Professional photographer Hougaard Malan tells of magical tales while journeying through Namibia and shares some lessons on how to best to Capture Namibia.
The Sandhof Lily pan is a clay plain in the southern region of Namibia near Maltehohe. When it fills to about 30cm after the first heavy rains of summer, the Crinum Paludosum lily comes up for as far as the eye can see. It blooms and dies again within about 6/7 days. Along with the flowers, hundreds of thousands of elephant beetles seem to appear out of nowhere to feast on the delicacy and once the lilies die they vanish again. Our trip was supposed to be Kgalagadi-Richtersveld-Namib, but 5 days before our date to leave we got the news that the pan had gotten the necessary rain for the flowers to bloom.
We decided to chuck Richtersveld and go to Namibaia and then Kgalagadi. When we got there the lilies were already past their peak and I had to search hard to find ones that were still in good condition. As the sun got closer to the horizon, an absolute monstrosity of a storm was steadily rolling closer. Minutes before the storm reached us, a gap in the clouds opened and it rewarded us with light that made the effort worthwhile.
I got a few shots of the storm sky as it started to rain and then turned to my friend to shout "I’m packing up" and I saw how amazing the light was towards the sun. I fired a few quick shots and then the rain started beating down, as you can see in the water. We hastily retreated to the cars for shelter where the three of us were still ignorantly planning to braai, so we sat below our friend's unfolded rooftop tent waiting for the rain to pass. The downpour got heavier and heavier so Isak and I decided to retreat to his car and Braam got in his rooftent.
We were discussing how weird it is that such a cloud formation had no lightning... and as Murphy would have it, the rumble started. It got meaner and meaner and excitement grew to fear as I knew our cars were the highest objects on a flat plain. As the core of the storm reached us three successive strikes fell within less than 100 metres and it shook the whole car, followed by a deafening crackle.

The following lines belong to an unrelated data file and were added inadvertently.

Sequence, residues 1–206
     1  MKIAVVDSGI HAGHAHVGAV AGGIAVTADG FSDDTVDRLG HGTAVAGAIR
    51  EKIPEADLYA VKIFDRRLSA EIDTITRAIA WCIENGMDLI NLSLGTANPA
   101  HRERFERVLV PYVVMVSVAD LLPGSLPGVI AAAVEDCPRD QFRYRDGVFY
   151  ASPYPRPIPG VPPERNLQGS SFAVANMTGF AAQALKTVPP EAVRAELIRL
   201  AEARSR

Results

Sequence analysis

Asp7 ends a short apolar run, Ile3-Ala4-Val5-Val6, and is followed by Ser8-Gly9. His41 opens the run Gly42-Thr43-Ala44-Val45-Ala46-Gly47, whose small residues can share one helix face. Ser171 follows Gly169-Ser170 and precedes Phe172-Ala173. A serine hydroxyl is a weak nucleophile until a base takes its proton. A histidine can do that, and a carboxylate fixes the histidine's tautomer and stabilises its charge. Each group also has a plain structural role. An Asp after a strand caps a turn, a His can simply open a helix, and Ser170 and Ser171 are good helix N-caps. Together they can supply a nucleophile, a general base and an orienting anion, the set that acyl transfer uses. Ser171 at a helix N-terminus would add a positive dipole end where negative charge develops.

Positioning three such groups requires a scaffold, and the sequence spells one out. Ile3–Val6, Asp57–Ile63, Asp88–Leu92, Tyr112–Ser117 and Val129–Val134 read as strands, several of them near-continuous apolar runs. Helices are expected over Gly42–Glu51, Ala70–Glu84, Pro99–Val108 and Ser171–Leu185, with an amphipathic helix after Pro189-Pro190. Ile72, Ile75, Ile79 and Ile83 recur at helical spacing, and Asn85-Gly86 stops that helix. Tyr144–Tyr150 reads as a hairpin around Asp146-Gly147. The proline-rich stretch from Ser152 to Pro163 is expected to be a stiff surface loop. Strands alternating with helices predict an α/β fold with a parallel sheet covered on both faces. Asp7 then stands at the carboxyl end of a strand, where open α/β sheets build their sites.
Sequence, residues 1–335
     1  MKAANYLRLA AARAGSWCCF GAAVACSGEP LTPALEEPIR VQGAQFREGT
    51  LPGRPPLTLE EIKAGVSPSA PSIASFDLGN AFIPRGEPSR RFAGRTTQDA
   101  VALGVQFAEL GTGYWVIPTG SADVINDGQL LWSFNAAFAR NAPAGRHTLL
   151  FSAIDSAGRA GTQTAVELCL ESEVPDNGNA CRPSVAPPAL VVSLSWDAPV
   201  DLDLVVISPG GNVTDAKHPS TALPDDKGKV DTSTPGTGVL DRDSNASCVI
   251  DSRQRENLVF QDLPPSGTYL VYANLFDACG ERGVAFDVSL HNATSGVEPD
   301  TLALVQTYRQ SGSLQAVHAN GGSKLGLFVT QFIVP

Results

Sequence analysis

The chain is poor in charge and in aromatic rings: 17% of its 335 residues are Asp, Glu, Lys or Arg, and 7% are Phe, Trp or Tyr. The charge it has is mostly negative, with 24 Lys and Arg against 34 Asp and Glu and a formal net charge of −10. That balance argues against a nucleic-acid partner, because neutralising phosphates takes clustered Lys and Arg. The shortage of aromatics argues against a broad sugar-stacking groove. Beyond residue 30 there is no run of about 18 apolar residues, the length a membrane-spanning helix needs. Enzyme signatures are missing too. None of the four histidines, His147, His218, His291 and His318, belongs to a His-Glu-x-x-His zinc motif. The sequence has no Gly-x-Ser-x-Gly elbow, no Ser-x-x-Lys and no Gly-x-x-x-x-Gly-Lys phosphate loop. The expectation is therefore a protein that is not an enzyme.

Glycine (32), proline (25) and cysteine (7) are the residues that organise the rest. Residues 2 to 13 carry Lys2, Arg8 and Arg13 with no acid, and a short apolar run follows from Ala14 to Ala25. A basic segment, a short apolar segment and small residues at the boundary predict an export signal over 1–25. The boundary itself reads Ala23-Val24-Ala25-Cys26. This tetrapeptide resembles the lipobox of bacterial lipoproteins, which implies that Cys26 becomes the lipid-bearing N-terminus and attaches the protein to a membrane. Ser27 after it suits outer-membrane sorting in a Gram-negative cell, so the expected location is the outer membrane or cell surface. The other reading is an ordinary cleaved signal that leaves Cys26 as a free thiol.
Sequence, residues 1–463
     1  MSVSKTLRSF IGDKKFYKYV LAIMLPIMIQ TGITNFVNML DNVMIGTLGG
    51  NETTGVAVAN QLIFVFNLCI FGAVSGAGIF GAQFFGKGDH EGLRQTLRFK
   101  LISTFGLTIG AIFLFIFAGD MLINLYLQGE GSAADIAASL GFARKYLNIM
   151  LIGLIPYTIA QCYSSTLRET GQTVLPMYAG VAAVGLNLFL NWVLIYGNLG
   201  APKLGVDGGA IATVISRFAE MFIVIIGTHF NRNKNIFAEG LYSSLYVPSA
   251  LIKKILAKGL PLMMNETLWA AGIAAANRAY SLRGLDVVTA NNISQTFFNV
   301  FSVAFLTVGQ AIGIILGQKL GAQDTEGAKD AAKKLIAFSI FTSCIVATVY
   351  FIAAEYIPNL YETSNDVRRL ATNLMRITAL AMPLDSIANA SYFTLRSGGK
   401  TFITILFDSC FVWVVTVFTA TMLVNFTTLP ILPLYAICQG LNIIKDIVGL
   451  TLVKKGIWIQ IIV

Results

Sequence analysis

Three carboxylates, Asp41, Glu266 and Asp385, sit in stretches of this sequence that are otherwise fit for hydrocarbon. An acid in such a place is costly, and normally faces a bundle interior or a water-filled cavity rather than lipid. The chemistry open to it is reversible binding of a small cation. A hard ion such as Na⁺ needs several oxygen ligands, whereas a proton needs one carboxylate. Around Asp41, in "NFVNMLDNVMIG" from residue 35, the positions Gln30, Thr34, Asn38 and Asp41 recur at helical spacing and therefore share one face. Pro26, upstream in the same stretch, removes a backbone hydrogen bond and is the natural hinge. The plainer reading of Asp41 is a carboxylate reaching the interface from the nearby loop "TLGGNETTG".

There was an ominous darkness with only the sound of the rain beating against the car when all of a sudden a bolt of white light stood still on Braam’s car and he was still in his roof tent. Isak and I exchanged some nice words then Isak rolled down his window to hear if Braam was okay. After another exchange of some more nice words, Braam confirmed that he’s fine. Lucky for him, the metal frame of the tent had conducted the electricity. We had gotten there in time, had an amazing sunset and Braam survived a lightning strike in his rooftop tent.
If that isn't luck then I don't know what is!
"The Lucky Lilies" Sandhof Farm, Maltahohe District, Namibia, Photo by Hougaard Malan
I think what makes Namibia unique is a combination of the vast desolation as well as the dramatic change that the rain brings in areas like the Namib Rand. Seeing the afternoon light sweep across a carpet of green grass that lines a mountain valley from side to side with picture-perfect camel thorns dotting the landscape is something you only find in Namibia. The culmination of sand, mountain, grass and trees are unique to the Namibian landscape
I had visited Namibia twice on holiday prior to starting photography and it never really impressed me that much. The thing that triggered a desire to photograph the country of dunes and grass was a photo in a book by Jean du Plessis. The photo was of a large old Acacia tree on a grass slope that gently descended into a low lying valley where the grass ended against red stone hills.
Almost two and half years later I was standing in front of that tree waiting for the sun to rise. Watching the transition of light and color in a crystal clear sky as an ocean of grass swayed to a warm morning breeze is my fondest memory of Namibia. I experienced on that morning what Jean's photo had communicated to me. Hopefully my image of this scene will communicate that same message to viewers.